The second picture in this group shows what may be a clump of crowded plants. Plants do produce more than one flower on a stalk.

More About Milk Thistle Flowers

As you can see, the milk thistle flower is well-defended. On both the bud and the flower, what appear to be the thorns under it are really modified leaves. But, leaves or not, they are very, very sharp, and you don't want to tangle with them. Leave the flowers to the bees who love them.

Milk Thistle Bud and Flower

Notice how the leaves right under the flower have been modified into spiny thorns. This picture was taken on November 13.

Notice how the leaves right under the flower have been modified into spiny thorns. This picture was taken on November 13.

The Life Cycle of a Milk Thistle

Poison Hemlock

In the photos, you can see the plant that killed Socrates up close. Notice the pretty, fern-like leaves. It resembles wild carrot, but your nose will tell you the difference since it does not smell at all like carrot. It is said to taste somewhat like parsnip and its smell is described as "mouse-like." But don't taste it for yourself, as it is deadly!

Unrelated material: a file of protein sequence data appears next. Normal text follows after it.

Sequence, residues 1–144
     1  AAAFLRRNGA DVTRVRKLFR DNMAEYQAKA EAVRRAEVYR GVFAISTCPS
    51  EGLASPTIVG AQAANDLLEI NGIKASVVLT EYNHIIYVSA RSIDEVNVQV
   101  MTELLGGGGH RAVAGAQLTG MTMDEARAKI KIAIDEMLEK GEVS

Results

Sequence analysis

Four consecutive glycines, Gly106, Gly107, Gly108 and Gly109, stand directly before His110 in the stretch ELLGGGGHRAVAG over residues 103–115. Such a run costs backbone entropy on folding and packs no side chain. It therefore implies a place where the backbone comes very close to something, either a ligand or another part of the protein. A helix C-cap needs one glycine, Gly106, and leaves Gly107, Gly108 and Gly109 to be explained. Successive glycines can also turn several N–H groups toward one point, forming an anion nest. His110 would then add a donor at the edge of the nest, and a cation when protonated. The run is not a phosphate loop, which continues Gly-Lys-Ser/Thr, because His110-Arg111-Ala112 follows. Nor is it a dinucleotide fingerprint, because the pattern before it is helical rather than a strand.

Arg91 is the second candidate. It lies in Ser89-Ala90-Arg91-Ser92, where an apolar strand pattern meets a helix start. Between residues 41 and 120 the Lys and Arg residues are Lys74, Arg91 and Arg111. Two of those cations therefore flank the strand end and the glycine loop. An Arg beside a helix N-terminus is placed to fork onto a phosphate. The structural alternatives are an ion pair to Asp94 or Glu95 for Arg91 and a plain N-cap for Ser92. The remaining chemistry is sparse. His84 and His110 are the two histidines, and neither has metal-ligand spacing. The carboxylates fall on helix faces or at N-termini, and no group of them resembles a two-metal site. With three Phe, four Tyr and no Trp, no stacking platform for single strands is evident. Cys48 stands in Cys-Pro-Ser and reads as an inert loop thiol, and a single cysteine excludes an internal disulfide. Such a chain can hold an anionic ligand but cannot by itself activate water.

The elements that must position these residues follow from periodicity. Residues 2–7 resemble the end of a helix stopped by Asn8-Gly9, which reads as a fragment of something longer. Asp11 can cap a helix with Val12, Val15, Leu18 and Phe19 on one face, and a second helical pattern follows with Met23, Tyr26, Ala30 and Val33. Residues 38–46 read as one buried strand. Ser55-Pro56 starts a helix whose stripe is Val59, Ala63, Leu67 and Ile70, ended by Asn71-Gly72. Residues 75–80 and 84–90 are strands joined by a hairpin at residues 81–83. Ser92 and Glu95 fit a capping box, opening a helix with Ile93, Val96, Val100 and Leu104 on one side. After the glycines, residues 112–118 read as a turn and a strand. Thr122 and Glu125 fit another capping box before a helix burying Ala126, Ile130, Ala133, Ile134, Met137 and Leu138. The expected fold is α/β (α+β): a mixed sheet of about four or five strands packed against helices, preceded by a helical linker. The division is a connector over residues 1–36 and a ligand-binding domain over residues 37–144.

Because milky thistle and poison hemlock occur together in nature so frequently (see the many photos here, both as seedlings and mature plants growing together), I discuss them together in this article.

Poison Hemlock Surrounding a Park Bench

A park bench in midst of a forest of young poison hemlock. One plant is even growing right through the seat of the bench. Taken in winter or early spring at Lawrence Moore Park in Paso Robles.

A park bench in midst of a forest of young poison hemlock. One plant is even growing right through the seat of the bench. Taken in winter or early spring at Lawrence Moore Park in Paso Robles.

Mother Nature's Dangerous Bouquet

Do not try to pick these white flowers. Purple milk thistle flowers grow among the lovely white poison hemlock flowers with their frilly leaves.